For the Bush administration, negotiating with insurgents who until the moment of negotiating were branded as mostly terrorists was a humiliating politically dangerous act that needed a good pitch to the American people. Admission of defeat against the rebels was marketed and sold as a change in American tactics and ordinary Iraqis rising up and throwing off the yoke of al-Qaeda. 20,000 extra troops were a fig leaf for this turning point in relations with the rebellion. Sunni insurgents bargained away their best weapon but gained more power, temporary peace, and better public relations by exterminating large quantities of foreign fighters.

Continuing to fight American forces (even with al-Qaeda's help) would keep weakening Sunni nationalists and allow Maliki to further consolidate, grow, and win. That was deemed unacceptable by insurgent leadership and they created a temporary alliance with the Americans to not only re-organize and humiliate Americans but also to make Maliki seem weaker and less popular in the minds of his supporters. Maliki appeared to be cutting a deal with Sunni militias through tacit consent of American plan and thus inability to shake off the image of a puppet.

Maliki successfully countered his pubic relations reversal by invading and occupying Sadr city. Why wasn't Muqtada al-Sadr able to prevent government's invasion of his home turf and the key Baghdad neighborhood of his power base? Before, when the price of oil was lower and the government less consolidated, Sadr effectively provided for some welfare and social needs of his supporters by creating a de-facto area of governance. He competed with Maliki's political faction by showing that he is 1) more nationalistic and determined to expel the Americans by having actually fought them twice 2) better able to protect Shiites from Sunni/al-Qaeda attacks and 3) more focused on improving quality of life for areas under his control. Times have changed and Maliki had more money to play around and offer to supporters so Sadr bowed to pressure to re-organize. Fighting Maliki was not an option at the time.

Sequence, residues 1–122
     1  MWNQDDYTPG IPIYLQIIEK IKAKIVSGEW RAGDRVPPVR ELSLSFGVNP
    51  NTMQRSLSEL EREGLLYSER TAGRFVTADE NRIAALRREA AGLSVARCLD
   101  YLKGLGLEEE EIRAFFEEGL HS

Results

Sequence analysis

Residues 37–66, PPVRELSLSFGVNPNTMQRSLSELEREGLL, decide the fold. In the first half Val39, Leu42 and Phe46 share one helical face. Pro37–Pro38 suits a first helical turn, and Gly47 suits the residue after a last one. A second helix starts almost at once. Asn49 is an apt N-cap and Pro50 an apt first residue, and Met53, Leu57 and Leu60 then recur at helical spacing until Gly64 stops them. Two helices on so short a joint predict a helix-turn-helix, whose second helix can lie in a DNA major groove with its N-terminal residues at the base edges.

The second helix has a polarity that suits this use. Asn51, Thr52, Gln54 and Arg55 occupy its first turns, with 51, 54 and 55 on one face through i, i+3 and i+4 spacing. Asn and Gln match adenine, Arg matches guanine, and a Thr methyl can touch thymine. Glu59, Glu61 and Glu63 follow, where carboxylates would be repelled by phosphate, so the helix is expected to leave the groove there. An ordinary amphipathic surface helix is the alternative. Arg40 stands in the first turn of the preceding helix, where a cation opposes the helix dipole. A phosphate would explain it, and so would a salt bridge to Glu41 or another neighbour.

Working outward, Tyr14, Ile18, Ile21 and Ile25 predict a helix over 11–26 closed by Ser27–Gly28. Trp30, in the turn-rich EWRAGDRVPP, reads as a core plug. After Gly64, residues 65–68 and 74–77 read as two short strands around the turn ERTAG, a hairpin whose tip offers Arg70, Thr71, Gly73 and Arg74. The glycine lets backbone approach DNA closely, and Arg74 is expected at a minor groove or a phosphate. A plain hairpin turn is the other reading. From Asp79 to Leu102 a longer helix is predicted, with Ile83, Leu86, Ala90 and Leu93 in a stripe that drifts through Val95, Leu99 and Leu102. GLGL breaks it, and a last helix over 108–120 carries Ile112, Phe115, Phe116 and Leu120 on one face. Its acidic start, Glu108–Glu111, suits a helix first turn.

What does this mean in terms of the surge? It means that the possibility is there that the surge in the price of oil has done a lot more for Iraq's seeming drop in violence than extra 20,000 Americans. Now that the price of oil has fallen dramatically and might remain so indefinitely as the recession continues, Maliki is burning through his reserves (that he saved for a rainy day) at an incredible rate. Obama seems to realize how dangerous Iraq is to being destabilized again and that explains the slowness of the troop withdrawal. Sunni insurgents increasingly see American soldiers as good allies for protecting them during this period and are waiting for the oil based economy to come crashing down so they can exploit a weakness in Maliki's coalition. Recent increase in bombings and violence seems to indicate that just 6 months of low oil prices are already destabilizing the situation somewhat. It is not known how fast the billions of dollars to pay off loyalists will be spent. It's possible that Obama will try to use sudden reversal in Maliki's strength to force through major agreements between Sunnis and Shiites. Such an agreement was more difficult before without the drastic act of retaking Baghdad with American/formerly Baathist forces. Keeping a lid on the civil war from resuming earlier than Obama's re-election is key if Obama is to implement his long term agenda over 8 years and to choose his successor.